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Why is the US indulging Pakistan?

By Ramananda Sengupta
Last updated on: April 01, 2005 12:55 IST
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Instead of sneering, we whined.

Washington's decision to sell F16s to Pakistan could hardly have come as a surprise to India.

Let us for a moment ignore the possible American motivations -- economic, political, strategic, a combination of all three, or plain old myopic greed -- behind the move, and focus instead on our reaction to it.

First, we complained that it would spark off an arms race in the region.

As if such a race wasn't already on. As if the Americans hadn't heard that argument ad nauseam from us right from the time Washington publicly announced it was considering the move late last year.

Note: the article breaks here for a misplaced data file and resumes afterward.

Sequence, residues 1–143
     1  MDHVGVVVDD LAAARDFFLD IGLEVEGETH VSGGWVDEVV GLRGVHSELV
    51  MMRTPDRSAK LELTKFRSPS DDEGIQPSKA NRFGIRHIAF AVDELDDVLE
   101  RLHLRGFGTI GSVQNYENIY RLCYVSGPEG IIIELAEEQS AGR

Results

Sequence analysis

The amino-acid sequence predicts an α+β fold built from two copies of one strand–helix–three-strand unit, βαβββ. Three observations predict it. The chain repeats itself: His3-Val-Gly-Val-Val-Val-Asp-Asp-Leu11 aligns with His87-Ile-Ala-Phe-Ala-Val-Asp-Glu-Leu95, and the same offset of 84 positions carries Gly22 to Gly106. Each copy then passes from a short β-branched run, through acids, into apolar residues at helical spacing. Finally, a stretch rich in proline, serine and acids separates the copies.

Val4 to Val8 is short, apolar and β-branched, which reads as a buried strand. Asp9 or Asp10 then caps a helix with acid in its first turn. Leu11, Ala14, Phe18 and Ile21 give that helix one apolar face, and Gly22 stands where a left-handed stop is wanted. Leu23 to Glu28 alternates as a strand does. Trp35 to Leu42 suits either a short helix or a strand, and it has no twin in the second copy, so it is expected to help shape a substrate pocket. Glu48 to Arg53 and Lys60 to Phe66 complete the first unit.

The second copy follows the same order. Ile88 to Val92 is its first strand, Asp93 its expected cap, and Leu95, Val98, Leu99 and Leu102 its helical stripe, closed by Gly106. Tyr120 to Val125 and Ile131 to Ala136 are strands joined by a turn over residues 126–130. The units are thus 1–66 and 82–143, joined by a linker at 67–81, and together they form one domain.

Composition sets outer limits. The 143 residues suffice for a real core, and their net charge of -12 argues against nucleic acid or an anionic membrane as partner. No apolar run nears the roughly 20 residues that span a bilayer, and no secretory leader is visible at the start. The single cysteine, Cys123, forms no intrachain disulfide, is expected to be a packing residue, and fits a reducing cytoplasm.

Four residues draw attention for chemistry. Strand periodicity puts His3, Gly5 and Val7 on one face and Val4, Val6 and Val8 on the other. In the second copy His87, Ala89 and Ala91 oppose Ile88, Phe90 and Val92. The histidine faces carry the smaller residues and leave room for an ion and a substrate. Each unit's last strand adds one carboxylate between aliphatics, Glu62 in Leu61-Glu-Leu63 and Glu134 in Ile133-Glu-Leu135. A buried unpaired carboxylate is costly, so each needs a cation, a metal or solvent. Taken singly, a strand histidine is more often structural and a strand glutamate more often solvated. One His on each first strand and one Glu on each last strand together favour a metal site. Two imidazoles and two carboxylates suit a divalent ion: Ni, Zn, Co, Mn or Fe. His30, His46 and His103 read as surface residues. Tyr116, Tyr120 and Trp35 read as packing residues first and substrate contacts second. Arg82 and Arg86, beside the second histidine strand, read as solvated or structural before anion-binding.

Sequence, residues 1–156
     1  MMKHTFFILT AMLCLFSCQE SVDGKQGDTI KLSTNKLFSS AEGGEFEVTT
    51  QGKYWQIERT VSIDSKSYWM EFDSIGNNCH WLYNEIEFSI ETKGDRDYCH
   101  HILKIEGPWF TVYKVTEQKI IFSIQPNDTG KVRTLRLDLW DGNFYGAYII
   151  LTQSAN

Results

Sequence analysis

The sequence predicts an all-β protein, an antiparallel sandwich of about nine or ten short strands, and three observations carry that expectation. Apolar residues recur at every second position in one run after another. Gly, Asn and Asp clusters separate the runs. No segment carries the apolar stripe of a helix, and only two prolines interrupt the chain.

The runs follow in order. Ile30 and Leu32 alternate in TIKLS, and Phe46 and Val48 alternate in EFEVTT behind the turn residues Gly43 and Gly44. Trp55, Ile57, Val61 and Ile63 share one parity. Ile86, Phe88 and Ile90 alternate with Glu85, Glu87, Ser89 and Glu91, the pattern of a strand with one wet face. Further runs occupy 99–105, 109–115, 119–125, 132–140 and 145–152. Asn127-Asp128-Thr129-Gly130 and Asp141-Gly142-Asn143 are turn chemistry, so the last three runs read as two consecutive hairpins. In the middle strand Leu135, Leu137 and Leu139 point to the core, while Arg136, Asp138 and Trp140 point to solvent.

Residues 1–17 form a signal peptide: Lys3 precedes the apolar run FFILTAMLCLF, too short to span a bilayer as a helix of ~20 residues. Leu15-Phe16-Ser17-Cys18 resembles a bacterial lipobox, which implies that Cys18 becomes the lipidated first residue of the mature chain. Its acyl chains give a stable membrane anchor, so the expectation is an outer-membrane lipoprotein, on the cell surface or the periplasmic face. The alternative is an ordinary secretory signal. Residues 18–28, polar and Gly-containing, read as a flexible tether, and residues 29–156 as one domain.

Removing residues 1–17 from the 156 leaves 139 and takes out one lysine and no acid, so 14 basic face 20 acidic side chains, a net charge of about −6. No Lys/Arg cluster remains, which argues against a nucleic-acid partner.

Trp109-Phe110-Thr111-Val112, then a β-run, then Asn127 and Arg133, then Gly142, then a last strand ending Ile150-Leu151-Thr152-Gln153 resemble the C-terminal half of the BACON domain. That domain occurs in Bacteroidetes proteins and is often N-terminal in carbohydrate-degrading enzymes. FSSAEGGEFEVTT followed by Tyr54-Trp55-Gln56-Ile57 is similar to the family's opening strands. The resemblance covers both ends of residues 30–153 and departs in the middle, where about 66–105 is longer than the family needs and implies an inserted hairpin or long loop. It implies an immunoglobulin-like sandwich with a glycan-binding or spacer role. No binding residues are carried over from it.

Then, when Washington responded by offering similar, if not 'better', aircraft and hinted at other goodies -- like the possible transfer of hitherto barred dual use technology for civilian nuclear use -- to India, we said we would be happy to consider it.

For effect, Secretary of State Condoleezza Rice claimed that: 'If you look at it in terms of the region, what we are trying to do is break out of the notion that this is a hyphenated relationship somehow, that anything that happens that is good for Pakistan is bad for India, and vice versa.'

Not so politely reminding India of its plaintive and repeated pleas to the world that it not be seen through the prism of India-Pakistan relations.

Of course, she forgot to mention that what's 'good' for Pakistan and India in this case is also good for the multi-billion dollar American defence industry.

As for the hint at amending US laws to enable it to sell dual use technology to India, I don't see Congress and the Senate agreeing to such legislation anytime soon.